West Virginia's first offensive drive was a sign of things to come - the Mountaineers ran twice for five yards and then Skyler Howard fumbled on a third down scramble, handing the ball to Miami. That sequence was indicative of a night in which the Mountaineers' offense was regularly beaten up front and committed several costly errors at critical times. The defense, on the other hand, displayed dominating play in the first 15 minutes that wouldn't be seen for the remaining 45.
Tony Gibson's unit started the game by forcing five straight three-and-outs, routinely pressuring Hurricane quarterback Brad Kaaya and forcing the signal caller into a series of inaccurate throws. But during that defensive showcase the Mountaineers were able to score just seven points on a six yard sweep to Kennedy McKoy that was set up by a 24 yard Skyler Howard run a play earlier. That touchdown occurred with 5:40 remaining in the first quarter and gave the Mountaineers a 7-.0 lead, and that was as good as it would get.
In the second quarter Miami turned on the jets and it started with a 51 yard strike to freshman all-American Ahmmon Richardson with 6:30 remaining in the half. The Hurricanes weren't done though, as they answered a West Virginia three-and-out by driving down the field and hitting Malcolm Lewis on a two yard touchdown pass with roughly two minutes left in the first half. The Mountaineers opted to try to answer the score rather than running out the remaining time in the half and it proved costly. The Hurricanes were able to turn yet another West Virginia three-and-out into points as Brad Kaaya hit Braxton Berrios on a 26 yard touchdown. Miami then took a 21-7 lead into the half after the Mountaineers posted just 17 total yards and no first downs in the second quarter of play.
WVU's fortunes didn't change much in the second half either as Miami opened up the third quarter by driving the ball down the field and scoring another touchdown when tight end David Njoku caught a short pass but broke a tackle and turned it up the field for another score, extending the Hurricanes' lead to 28-7.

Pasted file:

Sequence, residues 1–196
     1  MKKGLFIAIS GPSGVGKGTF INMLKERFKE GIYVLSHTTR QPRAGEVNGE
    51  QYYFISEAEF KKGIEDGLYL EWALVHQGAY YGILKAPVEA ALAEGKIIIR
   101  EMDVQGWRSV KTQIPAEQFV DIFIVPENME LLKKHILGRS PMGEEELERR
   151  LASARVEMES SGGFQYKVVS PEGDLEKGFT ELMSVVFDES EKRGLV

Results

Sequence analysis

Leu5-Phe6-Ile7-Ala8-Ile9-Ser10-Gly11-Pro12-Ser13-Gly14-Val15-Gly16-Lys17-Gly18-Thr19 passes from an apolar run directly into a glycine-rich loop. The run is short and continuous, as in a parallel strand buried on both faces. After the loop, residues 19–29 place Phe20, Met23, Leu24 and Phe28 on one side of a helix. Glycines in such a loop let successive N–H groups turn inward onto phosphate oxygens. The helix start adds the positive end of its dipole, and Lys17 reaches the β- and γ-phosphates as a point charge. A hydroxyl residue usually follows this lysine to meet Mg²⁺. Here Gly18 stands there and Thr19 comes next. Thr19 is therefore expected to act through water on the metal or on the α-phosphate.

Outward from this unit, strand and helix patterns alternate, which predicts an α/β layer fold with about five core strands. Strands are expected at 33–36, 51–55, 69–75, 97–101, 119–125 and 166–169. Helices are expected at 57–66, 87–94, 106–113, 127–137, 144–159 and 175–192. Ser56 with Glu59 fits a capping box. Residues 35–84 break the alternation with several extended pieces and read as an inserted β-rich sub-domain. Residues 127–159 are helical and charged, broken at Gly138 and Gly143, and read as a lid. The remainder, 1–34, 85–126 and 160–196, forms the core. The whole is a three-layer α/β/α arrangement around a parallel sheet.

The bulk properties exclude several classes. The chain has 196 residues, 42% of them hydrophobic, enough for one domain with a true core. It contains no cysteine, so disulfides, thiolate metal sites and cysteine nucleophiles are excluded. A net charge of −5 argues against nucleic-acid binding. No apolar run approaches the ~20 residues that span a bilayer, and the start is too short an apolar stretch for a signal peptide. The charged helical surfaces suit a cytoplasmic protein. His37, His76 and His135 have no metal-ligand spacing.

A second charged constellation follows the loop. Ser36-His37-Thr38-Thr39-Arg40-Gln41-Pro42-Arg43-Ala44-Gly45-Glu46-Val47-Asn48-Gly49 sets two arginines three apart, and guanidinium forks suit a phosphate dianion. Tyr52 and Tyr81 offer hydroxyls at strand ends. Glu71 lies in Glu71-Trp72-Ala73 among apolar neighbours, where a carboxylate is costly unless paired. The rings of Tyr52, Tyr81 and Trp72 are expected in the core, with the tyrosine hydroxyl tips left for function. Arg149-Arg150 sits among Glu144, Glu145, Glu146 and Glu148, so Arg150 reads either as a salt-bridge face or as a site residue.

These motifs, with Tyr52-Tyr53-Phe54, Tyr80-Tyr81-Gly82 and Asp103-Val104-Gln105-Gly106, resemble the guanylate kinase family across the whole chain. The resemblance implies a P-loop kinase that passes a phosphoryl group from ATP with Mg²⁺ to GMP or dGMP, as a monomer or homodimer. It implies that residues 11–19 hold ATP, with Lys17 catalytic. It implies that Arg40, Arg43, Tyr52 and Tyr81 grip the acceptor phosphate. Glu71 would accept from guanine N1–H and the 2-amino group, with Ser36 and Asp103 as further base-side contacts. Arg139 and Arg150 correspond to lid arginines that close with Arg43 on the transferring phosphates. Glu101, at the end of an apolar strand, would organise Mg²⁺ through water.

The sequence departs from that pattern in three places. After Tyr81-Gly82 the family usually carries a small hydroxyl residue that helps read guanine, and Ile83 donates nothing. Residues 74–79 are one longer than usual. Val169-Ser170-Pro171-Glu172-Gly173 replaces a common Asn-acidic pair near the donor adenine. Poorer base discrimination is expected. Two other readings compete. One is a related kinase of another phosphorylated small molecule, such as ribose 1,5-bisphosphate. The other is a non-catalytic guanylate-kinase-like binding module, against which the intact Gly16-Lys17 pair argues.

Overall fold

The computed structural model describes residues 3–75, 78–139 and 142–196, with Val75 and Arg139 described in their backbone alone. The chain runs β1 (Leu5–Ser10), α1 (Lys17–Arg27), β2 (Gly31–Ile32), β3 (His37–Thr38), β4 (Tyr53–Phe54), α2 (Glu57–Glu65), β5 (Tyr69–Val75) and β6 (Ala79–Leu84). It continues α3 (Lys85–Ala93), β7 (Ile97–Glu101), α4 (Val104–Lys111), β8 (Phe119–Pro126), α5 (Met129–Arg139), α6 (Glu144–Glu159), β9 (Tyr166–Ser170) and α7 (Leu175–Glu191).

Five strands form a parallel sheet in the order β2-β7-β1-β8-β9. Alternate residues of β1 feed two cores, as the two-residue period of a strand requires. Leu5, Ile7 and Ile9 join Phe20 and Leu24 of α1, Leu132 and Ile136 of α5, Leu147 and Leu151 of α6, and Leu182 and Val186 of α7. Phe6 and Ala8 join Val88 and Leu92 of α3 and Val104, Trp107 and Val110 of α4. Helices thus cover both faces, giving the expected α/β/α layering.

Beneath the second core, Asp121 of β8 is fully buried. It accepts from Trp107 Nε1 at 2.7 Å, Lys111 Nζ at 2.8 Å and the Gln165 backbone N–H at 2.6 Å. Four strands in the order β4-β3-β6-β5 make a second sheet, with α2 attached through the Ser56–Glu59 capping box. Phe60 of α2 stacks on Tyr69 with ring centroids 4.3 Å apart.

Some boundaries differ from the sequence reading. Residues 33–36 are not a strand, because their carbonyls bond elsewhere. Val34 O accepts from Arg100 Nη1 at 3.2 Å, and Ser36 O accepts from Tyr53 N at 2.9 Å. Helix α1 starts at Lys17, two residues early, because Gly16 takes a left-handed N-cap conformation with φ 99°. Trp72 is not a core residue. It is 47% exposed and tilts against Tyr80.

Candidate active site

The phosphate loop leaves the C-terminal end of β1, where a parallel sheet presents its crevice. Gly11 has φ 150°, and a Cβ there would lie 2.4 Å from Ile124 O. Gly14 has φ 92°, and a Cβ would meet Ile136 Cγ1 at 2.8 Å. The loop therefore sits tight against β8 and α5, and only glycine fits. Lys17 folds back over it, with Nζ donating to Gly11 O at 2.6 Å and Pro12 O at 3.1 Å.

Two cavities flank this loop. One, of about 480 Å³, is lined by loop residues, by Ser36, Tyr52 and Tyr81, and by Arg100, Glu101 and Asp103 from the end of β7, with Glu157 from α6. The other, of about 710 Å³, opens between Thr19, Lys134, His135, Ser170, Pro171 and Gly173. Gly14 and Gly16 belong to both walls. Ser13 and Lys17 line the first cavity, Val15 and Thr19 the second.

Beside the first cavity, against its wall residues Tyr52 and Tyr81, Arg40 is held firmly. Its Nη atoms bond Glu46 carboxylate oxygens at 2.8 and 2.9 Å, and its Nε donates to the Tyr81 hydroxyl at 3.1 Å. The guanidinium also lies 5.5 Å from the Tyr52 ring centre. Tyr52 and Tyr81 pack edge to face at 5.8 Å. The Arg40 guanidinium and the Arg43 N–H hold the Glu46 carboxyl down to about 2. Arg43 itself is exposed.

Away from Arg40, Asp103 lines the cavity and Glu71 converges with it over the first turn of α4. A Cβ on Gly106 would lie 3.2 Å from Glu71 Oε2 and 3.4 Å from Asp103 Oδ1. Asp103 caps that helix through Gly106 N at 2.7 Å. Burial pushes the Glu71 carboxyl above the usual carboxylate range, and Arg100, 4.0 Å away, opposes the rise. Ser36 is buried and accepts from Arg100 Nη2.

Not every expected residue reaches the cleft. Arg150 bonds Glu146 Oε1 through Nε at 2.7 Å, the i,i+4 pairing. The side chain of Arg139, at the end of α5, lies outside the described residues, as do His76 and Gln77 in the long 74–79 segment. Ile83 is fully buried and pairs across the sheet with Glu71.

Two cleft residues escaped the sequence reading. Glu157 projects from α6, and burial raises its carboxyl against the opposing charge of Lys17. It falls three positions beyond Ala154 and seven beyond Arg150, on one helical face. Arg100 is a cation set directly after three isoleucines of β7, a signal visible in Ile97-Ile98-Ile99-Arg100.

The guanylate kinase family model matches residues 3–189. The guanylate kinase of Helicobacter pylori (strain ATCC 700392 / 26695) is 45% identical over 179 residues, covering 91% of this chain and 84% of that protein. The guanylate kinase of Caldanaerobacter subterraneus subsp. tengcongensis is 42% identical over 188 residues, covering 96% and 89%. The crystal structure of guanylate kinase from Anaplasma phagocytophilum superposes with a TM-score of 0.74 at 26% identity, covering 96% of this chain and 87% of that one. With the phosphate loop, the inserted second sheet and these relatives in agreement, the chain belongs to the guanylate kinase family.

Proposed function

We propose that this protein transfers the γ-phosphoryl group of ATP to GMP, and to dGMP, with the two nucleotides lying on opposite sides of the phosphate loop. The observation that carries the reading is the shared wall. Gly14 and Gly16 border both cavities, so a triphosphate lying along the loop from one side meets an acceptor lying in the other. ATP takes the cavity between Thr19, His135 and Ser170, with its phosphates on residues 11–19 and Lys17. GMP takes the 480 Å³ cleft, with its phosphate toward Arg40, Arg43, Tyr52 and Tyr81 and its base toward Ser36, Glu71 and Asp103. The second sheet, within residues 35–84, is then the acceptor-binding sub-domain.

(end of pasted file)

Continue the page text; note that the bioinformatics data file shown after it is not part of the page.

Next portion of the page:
But despite allowing four unanswered scores, West Virginia answered with a scoring drive of its own after going stone cold in the second quarter. A targeting call gave the Mountaineers solid field position a few plays before Howard found Daikiel Shorts for a 26 yard completion in the face of a blitz, moving the ball inside the Miami five yard line. Just three plays later Howard ran up the middle for a four yard score, cutting the lead to 28-14 and earning the last West Virginia points of the night. Miami would tack on three more on the ensuing drive and extend its lead to 31-14, a score that would hold for the remainder of the game and earn the Hurricanes a Russell Athletic Bowl trophy.
There are plenty of reasons why West Virginia lost this one, but none loom larger than the offensive line's inability to block an athletic Hurricane front. Miami registered four sacks on the night and routinely penetrated the WVU line and hit its running backs in the backfield, holding the Mountaineers to 95 yards on 39 attempts (or 2.4 yards per carry). The inability to block the Hurricanes up front resulted in just 229 yards of total offense for West Virginia, its lowest total of the season by more than 150 yards.